Dogfight over Europe: Ryanair (a)

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For the exclusive use of J. SICINSKI
Harvard Business School9-700-115
Rev. November 21, 2007
Dogfight over Europe: Ryanair (A)
In April, 1986, the upstart Irish airline Ryanair announced that it would soon commence service between Dublin and London. For nearly a year, the new airline had operated a 14-seat turboprop between Waterford, in the southeast of Ireland, and Gatwick Airport on the outskirts of London. The founders of Ryanair, brothers Cathal and Declan Ryan, felt that service on that first route had developed well. They knew, however, that the Dublin-London route would pose new challenges. For the first time, they would face Aer Lingus, British Airways, and other established competitors on a major route. European Aviation

The environment in which the Ryan brothers launched their fledgling carrier had long been shaped by Europe’s national governments.1Privately owned, commercial airlines sprang up in Europe following World War I. Soon, however, the governments of Britain, France, Germany, and other countries began to amalgamate the first, small airlines into national “flag carriers.” Each of these airlines literally carried the flag of its nation on the tails of its aircraft. Figuratively also, each airline carried the flag, serving as an international emissary. Predecessors of British Airways, Air France, Lufthansa, and others gradually became owned by, and subsidized by, their national governments. The route structures of British, French, Dutch, and Belgian flag carriers developed to serve the colonial aims of their respective governments. For instance, the aircraft of British Airways’ predecessor, the aptly named Imperial Airways, were familiar sights in India, South Africa, Australia, and other British outposts by the 1930s.2Service focused on international routes from each nation’s capital to colonies, other areas of national influence, and the capitals of other European countries. Intra-country service was sparse, largely connecting provincial cities to the capital. Fares on domestic routes were often kept high to subsidize international service. World War II brought advances in aviation that made air travel widely economical for the first time. The aftermath of the war also brought the threat of American dominance in air travel. Had free competition been permitted on international routes, the efficient, privately owned carriers of the United States would likely have won the lion’s share of the market.3A set of multilateral and bilateral agreements averted this outcome. The International Air Traffic Association (IATA), essentially a government-endorsed cartel of the major airlines, emerged to set international fares. Governments negotiated bilateral agreements that regulated all aspects of air travel between pairs of countries. In Europe, “pooling arrangements” became common. Under pooling, the routes between, say, France and Italy would be given strictly to Air France and Alitalia. The two flag carriers would Professor Jan W. Rivkin prepared this case as the basis for class discussion rather than to illustrate either effective or ineffective handling of an administrative situation. Copyright © 2000, 2007 by the President and Fellows of Harvard College. To order copies or request permission to reproduce materials, call 1-800-545-7685, write Harvard Business School Publishing, Boston, MA 02163, or go to No part of this publication may be reproduced, stored in a retrieval system, used in a spreadsheet, or transmitted in any form or by any means—electronic, mechanical, photocopying, recording, or otherwise—without the permission of Harvard Business School. This document is authorized for use only by Jan Sicinski in Strategic Management IBP 10-11 taught by Dr. TOMASZ LUDWICKI from October 2010 to April 2011. 1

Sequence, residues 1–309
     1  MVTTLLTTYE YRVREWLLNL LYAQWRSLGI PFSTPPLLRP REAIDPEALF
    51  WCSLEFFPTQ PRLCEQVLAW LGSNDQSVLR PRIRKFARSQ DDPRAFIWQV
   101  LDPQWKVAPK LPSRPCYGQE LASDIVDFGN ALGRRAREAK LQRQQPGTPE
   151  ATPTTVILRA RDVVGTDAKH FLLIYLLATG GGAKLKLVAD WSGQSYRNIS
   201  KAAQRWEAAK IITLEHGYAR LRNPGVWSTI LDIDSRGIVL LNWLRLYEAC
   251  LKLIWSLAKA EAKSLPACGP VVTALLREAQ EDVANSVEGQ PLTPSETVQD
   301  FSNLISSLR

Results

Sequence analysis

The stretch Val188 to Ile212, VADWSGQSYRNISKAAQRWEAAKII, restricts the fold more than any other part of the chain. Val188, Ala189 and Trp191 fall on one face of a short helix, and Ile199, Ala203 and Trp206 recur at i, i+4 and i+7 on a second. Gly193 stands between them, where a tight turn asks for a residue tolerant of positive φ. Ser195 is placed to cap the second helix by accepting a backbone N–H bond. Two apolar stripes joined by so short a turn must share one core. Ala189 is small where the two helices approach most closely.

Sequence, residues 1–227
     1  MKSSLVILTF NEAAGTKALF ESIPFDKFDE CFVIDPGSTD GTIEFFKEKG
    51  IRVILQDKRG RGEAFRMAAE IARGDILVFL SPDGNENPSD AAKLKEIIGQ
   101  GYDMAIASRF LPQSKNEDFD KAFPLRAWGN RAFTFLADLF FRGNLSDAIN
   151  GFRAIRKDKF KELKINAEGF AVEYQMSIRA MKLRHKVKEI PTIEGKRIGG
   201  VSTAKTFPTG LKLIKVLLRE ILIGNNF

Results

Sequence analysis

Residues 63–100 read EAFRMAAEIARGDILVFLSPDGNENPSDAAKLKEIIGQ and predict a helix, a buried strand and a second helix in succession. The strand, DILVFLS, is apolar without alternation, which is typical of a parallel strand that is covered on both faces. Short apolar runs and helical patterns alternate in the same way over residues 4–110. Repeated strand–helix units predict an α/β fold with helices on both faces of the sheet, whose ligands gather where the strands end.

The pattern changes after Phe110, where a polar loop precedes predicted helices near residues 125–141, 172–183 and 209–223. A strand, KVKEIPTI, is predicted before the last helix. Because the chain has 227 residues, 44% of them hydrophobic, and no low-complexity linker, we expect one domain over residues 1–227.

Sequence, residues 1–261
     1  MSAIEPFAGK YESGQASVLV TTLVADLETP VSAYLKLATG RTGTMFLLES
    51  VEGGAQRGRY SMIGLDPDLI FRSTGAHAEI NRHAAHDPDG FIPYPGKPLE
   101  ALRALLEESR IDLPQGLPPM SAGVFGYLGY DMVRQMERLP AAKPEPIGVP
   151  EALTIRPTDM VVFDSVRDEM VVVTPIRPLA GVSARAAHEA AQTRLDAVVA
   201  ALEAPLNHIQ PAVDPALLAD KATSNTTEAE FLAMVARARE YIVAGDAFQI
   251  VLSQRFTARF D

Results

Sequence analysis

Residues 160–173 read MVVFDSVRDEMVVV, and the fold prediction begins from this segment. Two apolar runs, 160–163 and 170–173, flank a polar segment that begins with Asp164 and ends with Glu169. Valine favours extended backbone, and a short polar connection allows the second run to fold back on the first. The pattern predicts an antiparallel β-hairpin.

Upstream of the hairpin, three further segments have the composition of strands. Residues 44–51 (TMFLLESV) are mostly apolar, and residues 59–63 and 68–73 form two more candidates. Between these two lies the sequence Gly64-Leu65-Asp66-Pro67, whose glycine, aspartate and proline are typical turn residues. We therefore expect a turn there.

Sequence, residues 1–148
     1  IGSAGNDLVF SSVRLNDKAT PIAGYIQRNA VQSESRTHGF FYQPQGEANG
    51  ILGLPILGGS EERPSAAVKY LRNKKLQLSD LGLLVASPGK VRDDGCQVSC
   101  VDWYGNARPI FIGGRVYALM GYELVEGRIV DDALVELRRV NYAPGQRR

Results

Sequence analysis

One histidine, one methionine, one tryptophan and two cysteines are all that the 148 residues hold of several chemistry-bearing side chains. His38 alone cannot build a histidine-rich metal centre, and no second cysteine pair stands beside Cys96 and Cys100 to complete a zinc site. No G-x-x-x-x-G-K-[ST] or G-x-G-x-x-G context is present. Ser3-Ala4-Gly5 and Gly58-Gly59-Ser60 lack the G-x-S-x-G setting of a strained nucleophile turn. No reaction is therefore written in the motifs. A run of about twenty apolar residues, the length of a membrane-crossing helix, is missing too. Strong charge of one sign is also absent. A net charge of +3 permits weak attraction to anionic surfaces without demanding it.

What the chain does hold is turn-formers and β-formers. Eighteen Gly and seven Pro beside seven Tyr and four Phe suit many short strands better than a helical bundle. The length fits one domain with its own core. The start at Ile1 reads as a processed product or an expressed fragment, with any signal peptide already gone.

For the exclusive use of J. SICINSKI 700-115Dogfight over Europe: Ryanair (A) pool their capacity and revenue, then divide the proceeds in an agreed-upon manner....
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